About This video
(October 18th, 2001)
How do you define terror?
Do terrorists all live in caves or hide in small groups?
Do similar actions take on a different label than "terrorist" when they are perpetrated by a government?
Does the rest of the world have a reason to look at us with a jaded eye?
Noam Chomsky discusses these and other questions in this MIT lecture on "The New War On Terror".
Chomsky has been a strong critic of oppression and power for the last 40 or so years.
His research is always impeccable; his viewpoint always perceptive.
Chomsky has been professor of modern languages and linguistics at Massachusetts Institute of Technology since 1976.
Through his study of language and, in particular, syntax, since the early 1950's, Chomsky is credited with transforming the way foreign languages are taught through his theory of a “universal grammar”, and of “revolutionising our view of the mind”.
Often referred to as the "father of modern linguistics", Chomsky was cited (According to the Arts and Humanities Citation Index in 1992) as a source more often than any other living scholar during the 1980–92 period, and was the eighth most-cited source.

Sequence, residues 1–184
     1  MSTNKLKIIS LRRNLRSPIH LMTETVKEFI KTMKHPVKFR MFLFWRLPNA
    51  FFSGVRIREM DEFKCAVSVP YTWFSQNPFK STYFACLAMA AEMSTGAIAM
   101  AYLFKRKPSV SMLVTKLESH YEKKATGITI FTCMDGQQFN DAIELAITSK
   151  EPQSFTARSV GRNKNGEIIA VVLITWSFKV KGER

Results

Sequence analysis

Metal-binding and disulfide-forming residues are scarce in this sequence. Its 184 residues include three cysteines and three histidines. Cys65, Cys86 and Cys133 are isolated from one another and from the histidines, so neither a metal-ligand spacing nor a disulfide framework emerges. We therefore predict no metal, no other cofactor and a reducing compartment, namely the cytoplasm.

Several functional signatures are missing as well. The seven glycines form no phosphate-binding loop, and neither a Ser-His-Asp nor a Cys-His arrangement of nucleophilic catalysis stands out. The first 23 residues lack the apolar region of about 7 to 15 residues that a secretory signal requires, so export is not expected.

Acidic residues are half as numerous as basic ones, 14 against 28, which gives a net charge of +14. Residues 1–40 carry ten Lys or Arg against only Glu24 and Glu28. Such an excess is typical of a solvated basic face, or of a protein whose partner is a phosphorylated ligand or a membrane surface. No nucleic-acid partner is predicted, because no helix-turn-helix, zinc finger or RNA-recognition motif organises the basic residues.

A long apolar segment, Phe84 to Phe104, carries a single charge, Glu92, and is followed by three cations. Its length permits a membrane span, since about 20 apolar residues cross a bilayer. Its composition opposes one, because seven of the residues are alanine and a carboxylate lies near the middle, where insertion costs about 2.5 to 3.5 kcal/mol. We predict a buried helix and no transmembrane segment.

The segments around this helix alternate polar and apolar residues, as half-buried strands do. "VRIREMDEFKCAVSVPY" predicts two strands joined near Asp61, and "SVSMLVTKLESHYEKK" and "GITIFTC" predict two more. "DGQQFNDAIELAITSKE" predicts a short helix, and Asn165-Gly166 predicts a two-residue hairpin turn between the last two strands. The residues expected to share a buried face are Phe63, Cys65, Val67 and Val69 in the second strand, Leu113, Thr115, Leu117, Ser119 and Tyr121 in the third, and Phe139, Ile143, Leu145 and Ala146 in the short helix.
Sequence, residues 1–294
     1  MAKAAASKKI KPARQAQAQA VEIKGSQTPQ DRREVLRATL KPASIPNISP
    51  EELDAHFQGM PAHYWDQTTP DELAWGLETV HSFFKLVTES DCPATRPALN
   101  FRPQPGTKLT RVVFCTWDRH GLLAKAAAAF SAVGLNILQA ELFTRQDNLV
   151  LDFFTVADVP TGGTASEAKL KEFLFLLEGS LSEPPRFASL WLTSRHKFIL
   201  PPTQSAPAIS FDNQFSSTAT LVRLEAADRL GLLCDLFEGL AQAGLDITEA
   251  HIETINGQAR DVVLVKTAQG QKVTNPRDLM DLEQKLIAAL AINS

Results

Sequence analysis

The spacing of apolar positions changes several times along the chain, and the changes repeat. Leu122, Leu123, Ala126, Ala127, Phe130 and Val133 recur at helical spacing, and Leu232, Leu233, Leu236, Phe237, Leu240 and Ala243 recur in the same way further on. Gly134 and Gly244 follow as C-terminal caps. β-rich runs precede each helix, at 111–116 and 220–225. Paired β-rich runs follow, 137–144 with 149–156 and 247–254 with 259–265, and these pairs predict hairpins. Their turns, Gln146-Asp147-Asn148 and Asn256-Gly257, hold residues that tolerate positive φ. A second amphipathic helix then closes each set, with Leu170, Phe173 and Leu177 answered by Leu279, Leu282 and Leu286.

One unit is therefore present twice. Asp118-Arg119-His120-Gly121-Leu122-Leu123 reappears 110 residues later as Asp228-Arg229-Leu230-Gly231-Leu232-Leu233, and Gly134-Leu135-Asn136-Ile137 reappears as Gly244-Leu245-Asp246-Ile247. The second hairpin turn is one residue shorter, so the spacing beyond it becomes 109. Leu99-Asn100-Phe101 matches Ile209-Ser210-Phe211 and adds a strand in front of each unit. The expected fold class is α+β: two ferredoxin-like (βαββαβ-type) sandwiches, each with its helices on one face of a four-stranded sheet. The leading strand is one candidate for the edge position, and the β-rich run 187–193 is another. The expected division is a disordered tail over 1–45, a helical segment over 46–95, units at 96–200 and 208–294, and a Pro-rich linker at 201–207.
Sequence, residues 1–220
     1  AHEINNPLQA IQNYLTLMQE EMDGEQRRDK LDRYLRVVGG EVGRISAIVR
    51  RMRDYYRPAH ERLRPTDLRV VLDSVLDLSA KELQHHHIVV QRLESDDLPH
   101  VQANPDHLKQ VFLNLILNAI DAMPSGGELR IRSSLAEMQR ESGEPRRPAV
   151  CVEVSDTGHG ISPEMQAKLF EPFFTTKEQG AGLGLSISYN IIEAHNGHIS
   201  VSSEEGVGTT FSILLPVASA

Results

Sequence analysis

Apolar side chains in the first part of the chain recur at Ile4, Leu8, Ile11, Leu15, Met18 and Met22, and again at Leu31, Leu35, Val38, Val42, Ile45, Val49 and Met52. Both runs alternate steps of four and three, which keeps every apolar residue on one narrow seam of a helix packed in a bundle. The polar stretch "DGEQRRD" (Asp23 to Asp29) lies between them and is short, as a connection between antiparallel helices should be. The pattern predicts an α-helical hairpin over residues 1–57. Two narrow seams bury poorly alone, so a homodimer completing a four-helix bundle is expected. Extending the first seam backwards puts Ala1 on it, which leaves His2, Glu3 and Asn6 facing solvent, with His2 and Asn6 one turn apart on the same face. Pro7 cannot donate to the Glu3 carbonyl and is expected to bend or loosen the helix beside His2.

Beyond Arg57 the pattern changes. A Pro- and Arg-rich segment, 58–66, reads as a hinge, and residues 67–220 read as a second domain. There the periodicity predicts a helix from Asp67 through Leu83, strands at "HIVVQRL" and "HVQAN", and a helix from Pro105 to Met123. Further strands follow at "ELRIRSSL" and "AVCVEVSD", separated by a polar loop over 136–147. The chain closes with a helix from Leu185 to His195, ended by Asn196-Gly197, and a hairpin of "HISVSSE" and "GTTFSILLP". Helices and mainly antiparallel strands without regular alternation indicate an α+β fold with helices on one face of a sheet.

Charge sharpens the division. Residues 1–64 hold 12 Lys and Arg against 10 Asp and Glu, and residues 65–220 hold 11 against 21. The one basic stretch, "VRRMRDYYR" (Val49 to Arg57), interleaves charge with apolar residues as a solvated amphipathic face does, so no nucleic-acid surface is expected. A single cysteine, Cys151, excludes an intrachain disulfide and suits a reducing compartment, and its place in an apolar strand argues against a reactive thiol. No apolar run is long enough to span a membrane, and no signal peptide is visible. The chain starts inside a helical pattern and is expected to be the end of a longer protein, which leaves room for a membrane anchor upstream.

He has written and lectured widely on linguistics, philosophy, intellectual history, international affairs and U.S. foreign policy.
A brief sampling of his prolific work includes: The Logical Structure of Linguistic Theory; Aspects of the Theory of Syntax; Language and Mind; American Power and the New Mandarins; Reflections on Language; Rules and Representations; Knowledge of Language; The Culture of Terrorism; Manufacturing Consent (with E.S. Herman); Understanding Power; Hegemony or Survival: America’s Quest for Global Dominance; and most recently, Imperial Ambitions: Conversations on the Post-9/11 World, (with David Barsamian).
Chomsky, who calls himself a libertarian socialist, became a well known opponent of the Vietnam War, in 1967, with the publication of his essay, "The Responsibility of Intellectuals", in The New York Review of Books.
His critics come from the left, the right and the middle, as he criticizes hypocrisy and the corporate-controlled government and media.
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